Steve Nash, George Karl, and Others on Dirk Nowitzki and the Unguardable Play
A pick-and-pop, even if it’s between Ersan Ilyasova and Brandon Knight, is often a tough play to defend against. It’s a play that causes mismatches and gives an offense options. For most teams, it’s an effective tool. For the Dallas Mavericks, it’s an instrument of total destruction. Because no one has ever impacted the game with a single play the way Dirk Nowitzki can with a pick-and-pop.
Over the course of his career, Nowitzki has dominated, manipulated, and confused defenses by deploying his unique ability to score in one of the hardest plays to guard in the NBA. Even at 35, he still forces opposing defenses into the same arduous decisions they’ve been dealing with for years. As head coach of the Denver Nuggets for nearly a decade during Nowitzki’s prime, George Karl knows this all too well. If basketball games are chess matches, playing with Dirk is like playing with a board full of queens.
“It’s a difficult game to coach,” says Karl. “Coaches like to pull the right triggers, and it’s a game that you keep pulling triggers and he keeps beating you.”
Nowitzki is one of the rare pick-and-pop players who possesses a counter to any scheme a defense throws at him. Not every sweet-shooting big man can put the ball on the floor. Others can’t exploit the smaller player switching onto them. Only a select few truly terrify teams with their shooting ability. Nowitzki, however, does all three better than anyone else.
“He leaves you shaking your head every time,” says former NBA executive turned analyst Steve Kerr. “It’s remarkable.”
San Antonio is just the latest team that forced to try to solve the fundamental problem posed to every opponent that comes up against Dirk. How do you guard the unguardable player making the unguardable play?
Attached at the Hip
One choice a defense can make is to stay with Nowitzki at all costs. This makes sense. Defenses justifiably fear what Dirk can do if he’s given the opportunity to pop into any open space after screening. Anyone who has watched the NBA in recent years knows exactly what this looks like: Nowitzki screens for a teammate, steps behind the 3-point line, and uncorks that gorgeous, high-arching jumper, while a helpless defender tries in vain to contest the shot.
“You don’t even feel comfortable when he shoots it,” says Karl. “It’s like you’re calling timeout before the ball releases out of his hand, because you know it’s going in.”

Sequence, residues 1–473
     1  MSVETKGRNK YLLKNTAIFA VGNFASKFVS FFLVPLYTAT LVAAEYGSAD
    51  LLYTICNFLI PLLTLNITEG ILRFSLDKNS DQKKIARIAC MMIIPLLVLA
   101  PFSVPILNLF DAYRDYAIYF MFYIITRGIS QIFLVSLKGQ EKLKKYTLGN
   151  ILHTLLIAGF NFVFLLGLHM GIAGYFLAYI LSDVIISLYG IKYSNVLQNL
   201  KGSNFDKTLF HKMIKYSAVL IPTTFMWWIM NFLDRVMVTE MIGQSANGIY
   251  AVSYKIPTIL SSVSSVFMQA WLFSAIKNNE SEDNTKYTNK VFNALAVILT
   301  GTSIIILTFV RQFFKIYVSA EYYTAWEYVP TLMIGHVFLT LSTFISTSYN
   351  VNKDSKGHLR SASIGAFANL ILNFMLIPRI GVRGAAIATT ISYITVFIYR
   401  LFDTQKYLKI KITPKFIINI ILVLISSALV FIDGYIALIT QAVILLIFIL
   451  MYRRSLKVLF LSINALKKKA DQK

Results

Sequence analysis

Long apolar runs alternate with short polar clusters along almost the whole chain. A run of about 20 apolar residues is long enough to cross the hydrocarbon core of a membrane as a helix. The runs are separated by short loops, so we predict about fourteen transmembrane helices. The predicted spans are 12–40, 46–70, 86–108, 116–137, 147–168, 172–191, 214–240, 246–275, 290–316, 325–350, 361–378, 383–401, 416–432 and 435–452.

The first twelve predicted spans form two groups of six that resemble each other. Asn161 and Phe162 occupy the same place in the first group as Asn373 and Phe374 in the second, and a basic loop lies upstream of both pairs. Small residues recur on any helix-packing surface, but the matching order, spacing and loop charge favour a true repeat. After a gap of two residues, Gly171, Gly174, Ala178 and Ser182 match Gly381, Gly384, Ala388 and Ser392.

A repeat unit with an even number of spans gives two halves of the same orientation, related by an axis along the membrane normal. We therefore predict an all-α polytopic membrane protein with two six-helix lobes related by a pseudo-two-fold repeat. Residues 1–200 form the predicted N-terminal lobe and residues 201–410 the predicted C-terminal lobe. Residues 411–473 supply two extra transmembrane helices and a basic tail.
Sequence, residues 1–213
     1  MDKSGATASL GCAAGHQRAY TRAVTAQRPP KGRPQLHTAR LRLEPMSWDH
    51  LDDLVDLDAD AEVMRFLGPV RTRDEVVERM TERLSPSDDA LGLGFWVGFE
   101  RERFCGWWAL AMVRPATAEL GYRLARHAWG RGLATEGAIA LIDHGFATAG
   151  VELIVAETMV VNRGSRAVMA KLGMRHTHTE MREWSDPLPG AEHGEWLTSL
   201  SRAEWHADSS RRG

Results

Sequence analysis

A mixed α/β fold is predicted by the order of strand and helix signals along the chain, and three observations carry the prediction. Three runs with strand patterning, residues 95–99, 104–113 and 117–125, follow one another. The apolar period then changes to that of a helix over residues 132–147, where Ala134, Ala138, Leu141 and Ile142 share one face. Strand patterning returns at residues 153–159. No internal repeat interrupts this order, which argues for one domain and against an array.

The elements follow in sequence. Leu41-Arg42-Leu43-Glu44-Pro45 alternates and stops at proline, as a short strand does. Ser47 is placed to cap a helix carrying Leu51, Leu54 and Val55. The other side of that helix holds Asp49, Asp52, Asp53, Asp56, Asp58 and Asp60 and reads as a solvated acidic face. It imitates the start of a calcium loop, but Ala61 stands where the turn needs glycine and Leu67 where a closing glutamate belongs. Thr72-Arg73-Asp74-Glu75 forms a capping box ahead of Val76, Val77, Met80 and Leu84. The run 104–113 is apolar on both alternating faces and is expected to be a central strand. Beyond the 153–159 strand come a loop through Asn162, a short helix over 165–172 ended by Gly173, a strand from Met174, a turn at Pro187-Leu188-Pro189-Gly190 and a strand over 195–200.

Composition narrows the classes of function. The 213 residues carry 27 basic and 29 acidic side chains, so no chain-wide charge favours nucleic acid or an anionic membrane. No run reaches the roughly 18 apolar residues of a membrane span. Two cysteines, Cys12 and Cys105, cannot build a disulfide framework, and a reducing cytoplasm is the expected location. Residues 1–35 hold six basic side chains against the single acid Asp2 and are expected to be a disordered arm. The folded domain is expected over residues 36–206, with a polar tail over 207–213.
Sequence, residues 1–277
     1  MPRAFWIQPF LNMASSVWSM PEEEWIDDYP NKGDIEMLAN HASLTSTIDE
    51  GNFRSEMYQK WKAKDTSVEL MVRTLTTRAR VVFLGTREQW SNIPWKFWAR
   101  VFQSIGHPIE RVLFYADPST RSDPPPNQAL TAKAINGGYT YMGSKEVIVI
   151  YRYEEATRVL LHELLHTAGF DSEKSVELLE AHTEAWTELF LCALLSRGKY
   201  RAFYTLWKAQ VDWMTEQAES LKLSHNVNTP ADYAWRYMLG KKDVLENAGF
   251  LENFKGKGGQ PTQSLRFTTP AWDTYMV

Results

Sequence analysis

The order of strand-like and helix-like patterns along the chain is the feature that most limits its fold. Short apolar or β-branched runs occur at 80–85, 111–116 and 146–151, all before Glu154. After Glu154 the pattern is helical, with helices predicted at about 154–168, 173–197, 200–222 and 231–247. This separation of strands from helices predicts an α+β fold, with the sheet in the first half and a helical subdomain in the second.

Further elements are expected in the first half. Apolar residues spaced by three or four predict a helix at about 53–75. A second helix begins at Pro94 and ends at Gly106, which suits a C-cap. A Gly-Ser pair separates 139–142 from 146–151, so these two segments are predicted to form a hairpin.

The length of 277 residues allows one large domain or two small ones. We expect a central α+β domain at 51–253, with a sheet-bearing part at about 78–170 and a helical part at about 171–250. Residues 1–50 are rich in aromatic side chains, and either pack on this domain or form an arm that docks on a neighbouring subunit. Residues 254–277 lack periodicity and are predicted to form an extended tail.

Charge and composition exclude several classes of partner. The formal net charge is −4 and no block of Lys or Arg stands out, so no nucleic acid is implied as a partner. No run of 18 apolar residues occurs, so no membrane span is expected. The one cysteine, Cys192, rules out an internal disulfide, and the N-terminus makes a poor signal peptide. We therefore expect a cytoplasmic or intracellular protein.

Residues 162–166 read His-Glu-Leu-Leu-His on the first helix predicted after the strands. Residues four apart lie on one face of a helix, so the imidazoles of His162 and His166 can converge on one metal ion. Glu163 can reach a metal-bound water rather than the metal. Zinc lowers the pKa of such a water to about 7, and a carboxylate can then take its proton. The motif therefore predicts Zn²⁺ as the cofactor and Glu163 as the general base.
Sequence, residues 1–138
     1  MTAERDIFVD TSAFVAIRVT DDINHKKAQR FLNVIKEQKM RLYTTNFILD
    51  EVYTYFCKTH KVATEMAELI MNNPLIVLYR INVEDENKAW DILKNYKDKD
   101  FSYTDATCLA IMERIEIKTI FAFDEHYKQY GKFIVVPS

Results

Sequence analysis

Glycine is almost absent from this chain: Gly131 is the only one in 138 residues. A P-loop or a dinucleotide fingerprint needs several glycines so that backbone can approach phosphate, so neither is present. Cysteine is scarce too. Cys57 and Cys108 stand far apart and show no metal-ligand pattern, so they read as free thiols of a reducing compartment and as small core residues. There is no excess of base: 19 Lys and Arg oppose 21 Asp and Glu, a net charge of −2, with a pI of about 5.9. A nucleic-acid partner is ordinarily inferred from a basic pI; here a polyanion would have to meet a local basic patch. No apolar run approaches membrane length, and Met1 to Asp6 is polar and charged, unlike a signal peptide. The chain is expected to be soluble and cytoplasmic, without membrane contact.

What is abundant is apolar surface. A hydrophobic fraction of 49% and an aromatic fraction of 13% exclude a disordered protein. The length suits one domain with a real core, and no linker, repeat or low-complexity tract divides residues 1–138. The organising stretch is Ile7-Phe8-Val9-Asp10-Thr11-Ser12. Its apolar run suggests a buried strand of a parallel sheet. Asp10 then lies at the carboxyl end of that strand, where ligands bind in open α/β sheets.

There are two coverages teams can use to stop Dirk’s deadly outside shooting. The first is called a “stay attached” coverage, where the opposing big man literally stays in physical contact with Dirk. As the big man defending Dirk makes a token effort to get into the path of the ball handler, the big man’s teammate guarding the ball takes a long, circuitous route under the screen.
Another is where the big man lunges out toward half court — losing contact with Dirk for a brief moment while forcing the ball handler to take a few dribbles away from the basket — before recovering like a man possessed back to Nowitzki.
When executed well, these two coverages can minimize open looks for Dirk. But focusing so much attention on Nowitzki comes with a price. Huge holes open up in other parts of the defense, something Nowitzki’s teammates have exploited not only this year, but throughout his career.
“The gaps that they get because you don’t want to leave Dirk is at least one and half times the size of normal spacing than most NBA teams want to give up,” says Karl. “And it happens because teams are holding on to Dirk.”
Karl points out that Jason Terry and Nowitzki used to captain the best fourth-quarter offense in the NBA. J.J. Barea can essentially chalk up the lucrative contract Minnesota lavished on him to the success he experienced with the NBA’s premier pick-and-pop partner. And this year, Monta Ellis, Jose Calderon, and Devin Harris have all benefited.
“With Dirk, people are so nervous to leave his body, they give very little help on the point guard,” longtime teammate and close friend Steve Nash says. “Which gives their point guard either a shot or usually a little bit of an advantage to get into the paint and cause problems for the defense in other ways.”